Uber doesn't exactly have the best record as far as controversies go, and that doesn't seem to be changing anytime soon.
The most recent example of this trend involves a fatal crash that occurred when a self-driving Uber vehicle fatally struck bicyclist Elaine Herzberg in March.
Though the vehicle was driving itself, there was an Uber employee in the driver's seat. Interestingly, dash cam footage revealed the driver was looking down for several seconds prior to the crash.
At the time, however, Tempe's police force said the driver was not likely responsible for the incident. New information has surfaced today that could reinforce that claim.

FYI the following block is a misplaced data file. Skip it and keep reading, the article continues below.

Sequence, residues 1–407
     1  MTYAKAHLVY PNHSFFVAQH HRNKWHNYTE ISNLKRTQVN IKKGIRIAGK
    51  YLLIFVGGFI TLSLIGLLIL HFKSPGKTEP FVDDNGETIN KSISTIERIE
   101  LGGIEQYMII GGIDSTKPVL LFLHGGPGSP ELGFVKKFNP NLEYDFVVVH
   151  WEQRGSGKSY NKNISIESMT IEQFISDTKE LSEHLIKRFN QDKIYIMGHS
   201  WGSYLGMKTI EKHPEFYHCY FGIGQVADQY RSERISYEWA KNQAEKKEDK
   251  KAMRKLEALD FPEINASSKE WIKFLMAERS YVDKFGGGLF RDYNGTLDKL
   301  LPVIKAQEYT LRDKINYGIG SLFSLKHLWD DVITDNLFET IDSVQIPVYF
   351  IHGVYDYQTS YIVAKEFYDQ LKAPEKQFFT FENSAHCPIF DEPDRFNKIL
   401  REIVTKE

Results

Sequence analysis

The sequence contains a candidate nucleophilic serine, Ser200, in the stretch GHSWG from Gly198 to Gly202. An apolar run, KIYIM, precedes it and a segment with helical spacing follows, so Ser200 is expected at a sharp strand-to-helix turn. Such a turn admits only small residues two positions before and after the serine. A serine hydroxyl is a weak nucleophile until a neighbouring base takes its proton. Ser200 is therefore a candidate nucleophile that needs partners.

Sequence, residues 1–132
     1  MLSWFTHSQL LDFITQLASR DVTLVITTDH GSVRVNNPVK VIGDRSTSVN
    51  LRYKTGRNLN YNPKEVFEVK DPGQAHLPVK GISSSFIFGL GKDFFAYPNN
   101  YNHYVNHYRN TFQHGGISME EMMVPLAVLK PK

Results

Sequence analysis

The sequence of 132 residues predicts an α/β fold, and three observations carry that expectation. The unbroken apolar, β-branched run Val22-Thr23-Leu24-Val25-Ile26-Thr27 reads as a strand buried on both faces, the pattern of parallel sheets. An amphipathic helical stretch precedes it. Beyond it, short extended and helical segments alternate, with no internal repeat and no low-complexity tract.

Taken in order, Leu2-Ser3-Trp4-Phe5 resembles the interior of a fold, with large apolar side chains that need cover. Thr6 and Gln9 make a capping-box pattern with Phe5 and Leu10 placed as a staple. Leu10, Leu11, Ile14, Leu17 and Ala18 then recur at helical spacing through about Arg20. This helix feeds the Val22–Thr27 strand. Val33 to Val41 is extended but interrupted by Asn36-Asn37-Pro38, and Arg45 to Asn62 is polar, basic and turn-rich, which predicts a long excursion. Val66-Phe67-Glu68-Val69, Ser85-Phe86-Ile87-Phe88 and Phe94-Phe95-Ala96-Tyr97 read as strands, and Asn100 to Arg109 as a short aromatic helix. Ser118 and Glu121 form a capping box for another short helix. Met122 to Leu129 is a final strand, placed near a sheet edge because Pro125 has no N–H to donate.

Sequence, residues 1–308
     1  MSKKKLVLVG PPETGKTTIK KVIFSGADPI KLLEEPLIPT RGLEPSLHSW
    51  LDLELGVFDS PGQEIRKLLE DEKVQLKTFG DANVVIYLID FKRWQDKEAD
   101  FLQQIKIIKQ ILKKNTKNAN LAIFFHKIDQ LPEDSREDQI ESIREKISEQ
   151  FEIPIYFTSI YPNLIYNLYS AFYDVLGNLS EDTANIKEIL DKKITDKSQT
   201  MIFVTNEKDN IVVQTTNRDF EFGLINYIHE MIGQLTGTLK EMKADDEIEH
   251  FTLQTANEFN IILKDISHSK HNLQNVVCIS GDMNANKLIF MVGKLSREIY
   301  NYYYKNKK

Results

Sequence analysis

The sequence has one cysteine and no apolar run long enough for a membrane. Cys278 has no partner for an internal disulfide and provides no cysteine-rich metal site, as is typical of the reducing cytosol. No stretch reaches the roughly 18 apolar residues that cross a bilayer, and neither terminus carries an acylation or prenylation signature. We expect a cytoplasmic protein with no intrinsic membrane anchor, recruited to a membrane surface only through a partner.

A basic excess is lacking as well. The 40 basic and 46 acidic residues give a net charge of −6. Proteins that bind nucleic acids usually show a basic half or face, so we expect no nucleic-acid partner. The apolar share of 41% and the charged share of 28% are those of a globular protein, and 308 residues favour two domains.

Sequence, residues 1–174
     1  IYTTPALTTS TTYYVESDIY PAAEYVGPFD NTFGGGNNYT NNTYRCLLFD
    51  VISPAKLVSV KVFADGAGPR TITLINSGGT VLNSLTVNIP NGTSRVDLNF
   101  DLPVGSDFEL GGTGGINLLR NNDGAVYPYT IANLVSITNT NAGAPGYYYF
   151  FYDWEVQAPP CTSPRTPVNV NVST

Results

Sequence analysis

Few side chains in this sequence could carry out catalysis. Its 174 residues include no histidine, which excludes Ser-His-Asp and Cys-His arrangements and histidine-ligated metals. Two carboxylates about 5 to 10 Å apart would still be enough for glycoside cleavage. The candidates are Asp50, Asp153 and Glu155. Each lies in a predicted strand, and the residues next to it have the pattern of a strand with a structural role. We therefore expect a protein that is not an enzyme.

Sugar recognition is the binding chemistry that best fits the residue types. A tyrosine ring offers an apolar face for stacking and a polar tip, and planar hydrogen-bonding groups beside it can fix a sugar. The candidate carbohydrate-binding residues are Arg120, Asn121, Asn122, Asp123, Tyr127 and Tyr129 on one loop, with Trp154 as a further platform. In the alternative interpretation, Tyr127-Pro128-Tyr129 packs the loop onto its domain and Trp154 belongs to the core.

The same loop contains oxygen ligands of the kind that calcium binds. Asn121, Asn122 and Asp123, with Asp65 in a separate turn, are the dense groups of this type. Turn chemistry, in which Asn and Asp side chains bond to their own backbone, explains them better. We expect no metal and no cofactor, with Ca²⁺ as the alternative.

According to a report from The Information, the blame for the unfortunate accident might lie squarely on Uber's shoulders.
...sources familiar with the situation believe the car's autonomous systems were tuned improperly, leading the vehicle to regard Herzberg as a "false positive..."
The outlet claims sources familiar with the situation believe the car's autonomous systems were tuned improperly, leading the vehicle to regard Herzberg as a "false positive," or an object not worth stopping over.
Examples of a real false positive might include a plastic bag floating in front of the vehicle or a newspaper lying on the road.
This information, if true, will likely not be available to Herzberg's relatives for use against Uber in a court of law -- the company was quick to settle with the family after the incident took place.
Uber initially put their autonomous vehicle testing program on hold following the crash, but they've since restarted it. With that in mind, it's likely Uber has already fixed the sensor tuning issue if it existed at all.